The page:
Sea Lions' Days Numbered at Bonneville Dam
KUOW.org, March 2, 2009
Starting this week (3/1/09), the states of Oregon, Washington, and Idaho have federal permission to kill sea lions that prey on endangered salmon in the Columbia River. State wildlife biologists have set floating traps on the river just below Bonneville Dam. Correspondent Tom Banse has details and reaction from the scene.
Like clockwork, sea lions have begun to congregate below the spillways and fish ladder of Bonneville Dam. For some of them, their days are numbered. Wildlife biologists including Washington State's Steve Jeffries have prepared a most-wanted list.
Jeffries: "It's a list of individually identified animals that are repeat predators."
The salmon predators are about to become prey themselves. Oregon and Washington have permission to remove up to 85 sea lions per year. Steve Jeffries doubts the full quota will be taken out this year. For starters, the first eight or so captured off the list will be sent to marine parks or aquariums. Subsequent captives can be killed by lethal injection or a shot to the head. Jeffries is hopeful this is not the start of an endless cycle of killing.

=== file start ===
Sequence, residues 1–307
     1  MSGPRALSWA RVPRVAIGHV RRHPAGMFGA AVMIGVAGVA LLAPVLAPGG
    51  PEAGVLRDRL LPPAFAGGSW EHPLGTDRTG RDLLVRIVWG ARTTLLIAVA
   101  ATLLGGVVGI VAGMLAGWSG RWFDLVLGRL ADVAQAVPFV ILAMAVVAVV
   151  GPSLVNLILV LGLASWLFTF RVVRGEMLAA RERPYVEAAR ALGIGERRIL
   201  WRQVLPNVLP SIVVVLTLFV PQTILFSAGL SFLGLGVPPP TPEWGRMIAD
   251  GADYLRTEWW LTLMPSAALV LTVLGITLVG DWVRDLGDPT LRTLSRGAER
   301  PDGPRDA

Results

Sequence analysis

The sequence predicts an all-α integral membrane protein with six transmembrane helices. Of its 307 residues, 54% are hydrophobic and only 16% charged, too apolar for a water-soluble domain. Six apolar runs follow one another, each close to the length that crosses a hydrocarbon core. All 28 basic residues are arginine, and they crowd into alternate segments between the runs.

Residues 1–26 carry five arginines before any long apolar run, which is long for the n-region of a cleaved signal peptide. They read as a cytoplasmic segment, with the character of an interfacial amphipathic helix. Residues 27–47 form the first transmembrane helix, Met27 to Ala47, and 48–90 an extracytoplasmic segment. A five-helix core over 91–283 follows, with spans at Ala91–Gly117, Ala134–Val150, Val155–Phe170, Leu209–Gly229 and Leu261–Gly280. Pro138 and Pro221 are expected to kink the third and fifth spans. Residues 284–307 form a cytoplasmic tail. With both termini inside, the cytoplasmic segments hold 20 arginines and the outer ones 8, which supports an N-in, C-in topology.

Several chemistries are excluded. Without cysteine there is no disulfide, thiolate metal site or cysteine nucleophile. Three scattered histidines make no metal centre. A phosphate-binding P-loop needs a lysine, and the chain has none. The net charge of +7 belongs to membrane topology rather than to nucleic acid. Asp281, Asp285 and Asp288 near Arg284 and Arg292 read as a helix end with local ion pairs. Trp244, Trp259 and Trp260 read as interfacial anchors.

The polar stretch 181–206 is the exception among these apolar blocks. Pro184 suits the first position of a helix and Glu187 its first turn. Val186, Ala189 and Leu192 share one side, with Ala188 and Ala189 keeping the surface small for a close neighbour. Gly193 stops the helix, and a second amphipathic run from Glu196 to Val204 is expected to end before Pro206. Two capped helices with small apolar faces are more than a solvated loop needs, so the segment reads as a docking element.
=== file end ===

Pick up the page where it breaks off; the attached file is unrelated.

Jeffries: "We're actively hazing to keep new animals from recruiting into the population. No one knows what is going to happen in the future, but removal of the problem animals coupled with... can keep new animals out of here we believe."
Both sea lions and Columbia River salmon are protected under federal law. But sea lion populations are robust and some salmon runs are not.
Fishermen are glad some sea lions will be killed. Yakama tribal fisher and councilwoman Fidelia Andy says predation on salmon has reached an unacceptable level.
Andy: "The sea lions here on the Columbia River are causing destitution to us as tribal fishermen. That's what we're trying to avoid. We'd like to get that 4000 salmon that they're taking."
Animal defense groups picketed as wildlife managers demonstrated their plans at Bonneville Dam. Sheila Brown of Portland says the sea lions are being scapegoated.
Brown: "At the same time as they're talking about killing the sea lions, the quota for fishermen has gone up. So there's absolutely no reason to kill the sea lions. It's kind of just a cover. It's a feel good move to make people think we're doing something to save the salmon."
The Humane Society is still fighting to save the sea lions in court. Their appeal won't go to trial until late summer. By then, the trapping season at the Dam should be more-or-less over. I'm Tom Banse reporting from Bonneville Dam on the Columbia River.
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